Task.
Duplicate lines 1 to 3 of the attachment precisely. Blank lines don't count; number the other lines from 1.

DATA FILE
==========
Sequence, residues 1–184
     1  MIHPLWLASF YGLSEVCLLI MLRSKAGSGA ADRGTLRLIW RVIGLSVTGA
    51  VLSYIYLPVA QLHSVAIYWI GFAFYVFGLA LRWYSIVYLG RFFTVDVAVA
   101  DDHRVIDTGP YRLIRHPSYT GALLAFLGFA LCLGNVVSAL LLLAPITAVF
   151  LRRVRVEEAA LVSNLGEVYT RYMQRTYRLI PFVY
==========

Sequence, residues 1–184
     1  MIHPLWLASF YGLSEVCLLI MLRSKAGSGA ADRGTLRLIW RVIGLSVTGA
    51  VLSYIYLPVA QLHSVAIYWI GFAFYVFGLA LRWYSIVYLG RFFTVDVAVA